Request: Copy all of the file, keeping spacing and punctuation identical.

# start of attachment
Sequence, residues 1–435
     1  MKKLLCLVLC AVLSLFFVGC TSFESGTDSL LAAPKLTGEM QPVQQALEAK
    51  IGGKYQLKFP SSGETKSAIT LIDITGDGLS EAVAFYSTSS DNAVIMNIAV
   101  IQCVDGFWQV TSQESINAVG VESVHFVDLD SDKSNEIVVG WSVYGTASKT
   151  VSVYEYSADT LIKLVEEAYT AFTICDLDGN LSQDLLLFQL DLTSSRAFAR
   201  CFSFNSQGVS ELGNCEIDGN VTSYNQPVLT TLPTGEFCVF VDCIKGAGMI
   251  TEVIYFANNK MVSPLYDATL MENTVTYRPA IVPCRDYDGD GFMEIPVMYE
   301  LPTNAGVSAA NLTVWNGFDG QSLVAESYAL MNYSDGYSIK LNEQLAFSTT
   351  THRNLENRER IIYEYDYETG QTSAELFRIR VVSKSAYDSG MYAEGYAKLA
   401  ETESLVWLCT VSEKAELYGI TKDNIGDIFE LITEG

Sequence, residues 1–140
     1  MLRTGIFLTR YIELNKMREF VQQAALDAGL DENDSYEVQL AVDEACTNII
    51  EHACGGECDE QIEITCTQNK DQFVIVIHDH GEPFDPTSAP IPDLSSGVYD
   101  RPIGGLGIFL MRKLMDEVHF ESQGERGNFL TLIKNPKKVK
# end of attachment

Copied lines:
Sequence, residues 1–435
     1  MKKLLCLVLC AVLSLFFVGC TSFESGTDSL LAAPKLTGEM QPVQQALEAK
    51  IGGKYQLKFP SSGETKSAIT LIDITGDGLS EAVAFYSTSS DNAVIMNIAV
   101  IQCVDGFWQV TSQESINAVG VESVHFVDLD SDKSNEIVVG WSVYGTASKT
   151  VSVYEYSADT LIKLVEEAYT AFTICDLDGN LSQDLLLFQL DLTSSRAFAR
   201  CFSFNSQGVS ELGNCEIDGN VTSYNQPVLT TLPTGEFCVF VDCIKGAGMI
   251  TEVIYFANNK MVSPLYDATL MENTVTYRPA IVPCRDYDGD GFMEIPVMYE
   301  LPTNAGVSAA NLTVWNGFDG QSLVAESYAL MNYSDGYSIK LNEQLAFSTT
   351  THRNLENRER IIYEYDYETG QTSAELFRIR VVSKSAYDSG MYAEGYAKLA
   401  ETESLVWLCT VSEKAELYGI TKDNIGDIFE LITEG

Sequence, residues 1–140
     1  MLRTGIFLTR YIELNKMREF VQQAALDAGL DENDSYEVQL AVDEACTNII
    51  EHACGGECDE QIEITCTQNK DQFVIVIHDH GEPFDPTSAP IPDLSSGVYD
   101  RPIGGLGIFL MRKLMDEVHF ESQGERGNFL TLIKNPKKVK